Language of the Month: Okinawan (沖縄口 /Uchinaaguchi)

Apart from Mandarin, Russian, and Korean, most foreign languages that are popular among Japanese people (English, Spanish, German, etc.) tend to be extremely difficult for them. This is largely due to large differences in syntax, morphology (Japanese is agglutinative and lacks grammatical gender or a case system), and phonology (Japanese has no "v" sound). The aforementioned Mandarin, Russian and Korean, tend to be easier for Japanese speakers due to them having many similarities in the lexicon (Mandarin), syntax (Russian), or both in the case of Korean.

Although it is true that the vast majority of the Japanese populace converses mainly in Japanese, Japan is by no means a completely monolingual state. Historically, Japan has had different languages spoken natively in Hokkaido (Ainu, Nivkh, and Orok), Tohoku (Emishi), Kyushu (although the nature of this language is unclear), and most vigorously in Okinawa (the Ryuukyuuan languages), which was once a completely different state altogether. Sadly, many of these languages are extinct (such as Kurile Ainu) or near extinct (like Hokkaido Ainu, Nivkh, and Yonaguni). Moreover, apart from Ainu and possibly Nivkh, many Japanese are unaware of the existence of many of these languages and insensibly refer to them as mere hougen (dialects) which are often perceived as being associated with uneducated country people. This bigotry is likely a leftover effect of the Imperial Education Policy (皇民化政策) used by the Japanese Empire where all languages apart from Japanese (specifically the Tokyo dialect) were classified as uncultured hougen that were to be exterminated. This policy even extended to languages that were different altogether such as Korean (which was called chousen hougen) and Okinawan (which even today is often called okinawa hougen).

Apart from Ainu and Nivkh, the non-Japanese languages of Japan tend to share many similarities to Japanese; the Ryuukyuuan languages in particular are very similar to Japanese as they're in the Japonic language family along with Japanese and share several cognates and a nearly identical phonology (Orok, which is Tungusic and similar to Manchu, also has similar features). Ergo, I believe that Japanese people who're interested in other languages should try studying one of the Ryuukyuuan languages (which altogether have about 1.1 million speakers).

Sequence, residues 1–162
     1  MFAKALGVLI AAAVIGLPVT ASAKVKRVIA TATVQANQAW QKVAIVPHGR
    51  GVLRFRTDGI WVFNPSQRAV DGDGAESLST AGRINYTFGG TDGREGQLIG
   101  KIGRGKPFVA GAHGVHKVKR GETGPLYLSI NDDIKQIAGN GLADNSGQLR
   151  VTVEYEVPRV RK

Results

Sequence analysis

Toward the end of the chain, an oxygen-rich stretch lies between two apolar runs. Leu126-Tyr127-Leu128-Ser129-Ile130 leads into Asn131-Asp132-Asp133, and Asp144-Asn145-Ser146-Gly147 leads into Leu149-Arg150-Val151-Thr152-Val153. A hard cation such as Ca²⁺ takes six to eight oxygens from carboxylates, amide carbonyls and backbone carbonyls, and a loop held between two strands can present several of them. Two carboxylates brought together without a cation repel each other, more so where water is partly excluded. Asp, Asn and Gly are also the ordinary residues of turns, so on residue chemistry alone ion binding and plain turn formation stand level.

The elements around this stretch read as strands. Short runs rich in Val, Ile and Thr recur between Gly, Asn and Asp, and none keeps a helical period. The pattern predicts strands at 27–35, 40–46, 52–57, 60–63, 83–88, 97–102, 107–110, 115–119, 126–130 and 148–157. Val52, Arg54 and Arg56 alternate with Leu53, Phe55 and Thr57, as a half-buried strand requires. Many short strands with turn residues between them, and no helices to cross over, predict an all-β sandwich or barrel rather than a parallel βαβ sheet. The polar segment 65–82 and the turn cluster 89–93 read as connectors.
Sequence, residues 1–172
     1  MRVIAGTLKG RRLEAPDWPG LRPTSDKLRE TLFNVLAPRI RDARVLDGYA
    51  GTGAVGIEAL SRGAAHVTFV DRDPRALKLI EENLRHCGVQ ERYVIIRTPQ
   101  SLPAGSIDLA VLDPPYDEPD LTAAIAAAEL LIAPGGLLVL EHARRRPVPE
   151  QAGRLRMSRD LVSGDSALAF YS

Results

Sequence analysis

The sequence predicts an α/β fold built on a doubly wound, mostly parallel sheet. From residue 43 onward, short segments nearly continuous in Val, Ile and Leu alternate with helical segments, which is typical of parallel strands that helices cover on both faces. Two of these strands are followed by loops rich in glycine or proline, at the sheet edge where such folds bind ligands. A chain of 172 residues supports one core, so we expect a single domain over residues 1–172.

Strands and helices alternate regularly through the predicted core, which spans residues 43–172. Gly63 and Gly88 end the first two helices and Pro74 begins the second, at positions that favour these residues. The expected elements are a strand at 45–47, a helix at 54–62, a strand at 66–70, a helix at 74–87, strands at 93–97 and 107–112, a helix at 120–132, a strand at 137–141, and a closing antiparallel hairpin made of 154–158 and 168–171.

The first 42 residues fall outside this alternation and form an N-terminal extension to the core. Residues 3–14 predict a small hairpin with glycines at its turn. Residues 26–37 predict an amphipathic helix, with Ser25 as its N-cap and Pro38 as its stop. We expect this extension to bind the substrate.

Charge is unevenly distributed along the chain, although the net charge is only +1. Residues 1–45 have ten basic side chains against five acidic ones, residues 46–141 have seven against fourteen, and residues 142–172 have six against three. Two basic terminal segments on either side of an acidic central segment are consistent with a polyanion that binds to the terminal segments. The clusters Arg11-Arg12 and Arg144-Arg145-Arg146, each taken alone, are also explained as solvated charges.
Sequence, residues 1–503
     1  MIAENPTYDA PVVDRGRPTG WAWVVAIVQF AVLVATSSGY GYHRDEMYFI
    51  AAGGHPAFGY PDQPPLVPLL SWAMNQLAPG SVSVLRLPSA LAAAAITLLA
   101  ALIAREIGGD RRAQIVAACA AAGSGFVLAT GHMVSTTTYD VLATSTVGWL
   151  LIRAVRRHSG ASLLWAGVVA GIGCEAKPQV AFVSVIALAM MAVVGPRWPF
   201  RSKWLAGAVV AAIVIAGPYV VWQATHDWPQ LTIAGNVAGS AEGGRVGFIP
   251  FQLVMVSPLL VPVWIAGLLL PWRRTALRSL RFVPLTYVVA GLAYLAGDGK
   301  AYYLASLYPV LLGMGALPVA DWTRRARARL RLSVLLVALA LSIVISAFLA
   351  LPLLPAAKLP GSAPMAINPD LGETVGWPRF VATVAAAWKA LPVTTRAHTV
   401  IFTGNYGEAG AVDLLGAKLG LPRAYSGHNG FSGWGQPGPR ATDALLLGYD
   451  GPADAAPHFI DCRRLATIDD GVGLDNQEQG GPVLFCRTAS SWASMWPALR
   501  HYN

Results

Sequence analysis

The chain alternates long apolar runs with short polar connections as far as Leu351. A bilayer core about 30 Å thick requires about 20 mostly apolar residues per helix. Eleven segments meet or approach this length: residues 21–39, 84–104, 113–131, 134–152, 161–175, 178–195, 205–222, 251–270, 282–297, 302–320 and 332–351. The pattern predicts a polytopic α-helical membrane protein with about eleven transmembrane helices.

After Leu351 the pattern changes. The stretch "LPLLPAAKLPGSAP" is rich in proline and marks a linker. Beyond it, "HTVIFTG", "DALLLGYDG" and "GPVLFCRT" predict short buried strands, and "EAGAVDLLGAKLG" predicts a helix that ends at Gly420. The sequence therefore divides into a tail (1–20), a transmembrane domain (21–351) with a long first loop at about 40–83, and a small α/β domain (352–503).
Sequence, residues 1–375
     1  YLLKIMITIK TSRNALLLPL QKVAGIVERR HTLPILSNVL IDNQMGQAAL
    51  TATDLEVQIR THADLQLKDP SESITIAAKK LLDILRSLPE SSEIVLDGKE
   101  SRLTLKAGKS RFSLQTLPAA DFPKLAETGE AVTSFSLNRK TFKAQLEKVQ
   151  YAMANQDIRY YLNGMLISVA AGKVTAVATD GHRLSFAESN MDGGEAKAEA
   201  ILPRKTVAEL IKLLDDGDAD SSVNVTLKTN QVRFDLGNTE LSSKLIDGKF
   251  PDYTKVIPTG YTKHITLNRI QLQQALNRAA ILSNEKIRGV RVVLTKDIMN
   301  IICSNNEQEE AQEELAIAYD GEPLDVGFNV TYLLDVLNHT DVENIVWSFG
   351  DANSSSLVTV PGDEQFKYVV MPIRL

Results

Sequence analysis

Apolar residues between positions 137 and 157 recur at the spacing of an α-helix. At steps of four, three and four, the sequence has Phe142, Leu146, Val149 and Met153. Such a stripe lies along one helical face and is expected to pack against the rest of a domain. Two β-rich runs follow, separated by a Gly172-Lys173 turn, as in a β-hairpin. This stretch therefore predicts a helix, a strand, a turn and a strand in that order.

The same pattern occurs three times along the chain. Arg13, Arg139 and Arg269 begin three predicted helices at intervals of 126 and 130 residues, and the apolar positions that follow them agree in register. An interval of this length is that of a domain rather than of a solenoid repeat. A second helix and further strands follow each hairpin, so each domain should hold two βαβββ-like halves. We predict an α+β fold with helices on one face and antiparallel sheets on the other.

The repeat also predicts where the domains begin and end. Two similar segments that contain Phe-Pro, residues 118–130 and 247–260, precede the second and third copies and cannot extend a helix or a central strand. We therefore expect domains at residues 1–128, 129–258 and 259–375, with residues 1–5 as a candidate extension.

Out of the Ryuukyuuan languages, I believe the best one to study (based on the number of speakers and its linguistic proximity to Japanese) is Okinawan, which has about 980,000 speakers and is widely used amongst elderly people in Okinawa (and is also being revived amongst young Okinawans with encouragement from the local government).

Okinawan shares many similarities with Japanese. Apart from having the same writing system and similar words ("Help!" is 助きてぃ!—tashikiti in Okinawa, similar to Japanese助けて!), it also possesses a comparable grammar. An example of this is how both Japanese and Okinawan use indicators to mark nominative-accusative nouns (nominative nouns are words like I, you, he, and she while accusative nouns are pronouns like me, you, him, and her). Japanese uses indicators such as は and が to indicate the nominative which are used to mark the subject of the sentence and accusative which are used to mark the object of the sentences such as in 私は靴を壊した. は is used to mark 私 as the subject of the sentence, while を is used to mark 靴 as the object of the sentence. In Okinawan, a sentence like 今日や早く (chuu ya feeku), would use やto indicate 今日(chuu) which means today. Japanese and Okinawan are also both SOV (subject-object-verb) in the way sentences are formed. An example in Japanese is 私は本を買いました where 私 is the subject 本 is the object and 買いました is the verb. In Okinawan an example would be 我んねーさいたまからやいびーん (wannee saitama kara yaibiin)—"I'm from Saitama." In this sentence, 我んねー (wannee—I) is the subject, さいたま (Saitama) is the object, and からやいびーん (kara yaibiin—come from) is the verb.